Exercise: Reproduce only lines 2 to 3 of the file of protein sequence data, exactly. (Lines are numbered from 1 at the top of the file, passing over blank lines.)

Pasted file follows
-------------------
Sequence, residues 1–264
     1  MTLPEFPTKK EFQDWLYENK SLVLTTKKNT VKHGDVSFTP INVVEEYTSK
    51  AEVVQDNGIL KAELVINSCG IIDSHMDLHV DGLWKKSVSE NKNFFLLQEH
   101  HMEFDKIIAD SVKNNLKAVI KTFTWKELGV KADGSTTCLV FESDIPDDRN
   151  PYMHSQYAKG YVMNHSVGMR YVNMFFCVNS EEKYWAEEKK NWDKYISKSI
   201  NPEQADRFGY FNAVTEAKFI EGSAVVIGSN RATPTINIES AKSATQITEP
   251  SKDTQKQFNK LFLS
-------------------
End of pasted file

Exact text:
     1  MTLPEFPTKK EFQDWLYENK SLVLTTKKNT VKHGDVSFTP INVVEEYTSK
    51  AEVVQDNGIL KAELVINSCG IIDSHMDLHV DGLWKKSVSE NKNFFLLQEH